The means tested care fee is a tricky fee to explain and yet it can have a powerful kick to it when it applies to you or a loved one.
When entering aged care accommodation there are a number of fees payable such as the means tested care fee, a basic daily fee, accommodation costs and more. The means tested care fee iswhen entering aged care accommodation, and it contributes towards your day to day care costs in an aged care home.
The government subsidises a resident’s cost of care but those who meet income and asset thresholds will co-share this payment with the government.
So whether you are caring for a parent or a loved one, understanding these costs is important when planning for aged care accommodation options.
Assets and income thresholds (until 31 December 2017)
A person who has assets over $162,815 and income over $26,327 will pay a means tested care fee. This is a sliding scale from $1 per day all the way up to the maximum $244 per day.
There is a ceiling on how much is payable over a 12-month period (currently $26,566 per year). Once you reach this maximum, your means tested fee drops to zero until your 12-month anniversary date is up.
For example, if you are assessed as being able to pay $100 per day, then you pay $100 per day for 265 days. At this point you have reached the $26,566 cap and the fee drops to zero. On day 1 of year 2, the daily fee of $100 is reinstated.
Is this fee payable forever?
There is a lifetime cap on this fee, set at $63,760 (until 31 Dec 2017), at which point no further means tested care fee is payable. This might take five to seven years or be done and dusted in two and a quarter years – it just depends on your assets and income levels.
Calculating your means tested care fee
The Department of Health calculates it based on your submission of the Assets and Income Assessment form. Without this assessment you are required to pay the maximum possible rate per day. This is incentive enough for most people to complete the form, regardless of whether they are self funded or not.
This form creates so much worry, it is so easy to make a mistake on it, and it can be time consuming to resolve these mistakes. We can assist you in completing this form if you need.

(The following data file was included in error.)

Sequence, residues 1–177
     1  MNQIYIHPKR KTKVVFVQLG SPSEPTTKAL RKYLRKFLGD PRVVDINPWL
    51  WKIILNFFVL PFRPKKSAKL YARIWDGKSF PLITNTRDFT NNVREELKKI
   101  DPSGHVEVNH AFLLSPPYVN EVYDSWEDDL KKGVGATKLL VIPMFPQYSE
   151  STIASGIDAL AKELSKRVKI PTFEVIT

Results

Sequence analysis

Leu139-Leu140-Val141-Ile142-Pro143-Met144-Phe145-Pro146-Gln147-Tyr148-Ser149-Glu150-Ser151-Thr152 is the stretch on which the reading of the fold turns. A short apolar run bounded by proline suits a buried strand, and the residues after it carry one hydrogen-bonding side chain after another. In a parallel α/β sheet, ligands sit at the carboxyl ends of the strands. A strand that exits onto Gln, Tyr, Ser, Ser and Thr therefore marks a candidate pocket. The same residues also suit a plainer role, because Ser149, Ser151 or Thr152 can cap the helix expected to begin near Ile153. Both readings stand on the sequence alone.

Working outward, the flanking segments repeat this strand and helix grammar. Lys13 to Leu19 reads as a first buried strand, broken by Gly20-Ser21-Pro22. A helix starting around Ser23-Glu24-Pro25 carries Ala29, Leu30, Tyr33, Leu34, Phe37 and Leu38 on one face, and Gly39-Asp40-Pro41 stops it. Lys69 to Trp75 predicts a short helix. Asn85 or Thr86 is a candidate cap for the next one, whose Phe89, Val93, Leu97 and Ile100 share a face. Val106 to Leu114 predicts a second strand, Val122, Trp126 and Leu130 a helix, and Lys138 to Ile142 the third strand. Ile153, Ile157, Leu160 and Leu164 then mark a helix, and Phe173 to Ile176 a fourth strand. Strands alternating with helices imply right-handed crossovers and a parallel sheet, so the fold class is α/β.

There are a number of ways to calculate your fee in the meantime. There is the My Aged Care Residential Care Fee estimator – but this is tricky to navigate. If you don’t put just the right figure in the right box, you are not going to get the right fee.
You can also view our ready reckoner to determine how much the means tested care fee is likely to be. Simply add up the person’s assets and work out their income (approximately), and then match it up on the grid.
- The principal residence counts for only $162,815 if you are not selling it
- If you do plan on selling the home, factor in the full net value of this as an asset
- If you plan to pay a RAD, the amount you pay counts as an asset
- The assessable income needs to include age pension, DVA pensions etc and if you rent the house out, include net rent here too.
How do I afford this?
Managing this fee as well as all the other aged care costs can be tricky. Balancing out pension benefits, renting versus selling the home are all reasons to seek advice on the best way to afford it.
How we can help
If you are thinking about a move into aged care, we can provide you with financial clarity so that you understand how the cost of aged care relates to your circumstances.
We can help you:
- Identify the costs that will apply
- Structure the costs so that aged care is affordable in the short and long term
- Help you decide what assets should be kept or sold, including the family home
- Develop strategies to maximise any government benefits available, including the Age Pension, and
- Talk through estate planning complexities.
Make an appointment for a consultation with an aged care specialist about the key decisions that lie ahead, the options available to you or your loved ones, and the cost of our advice.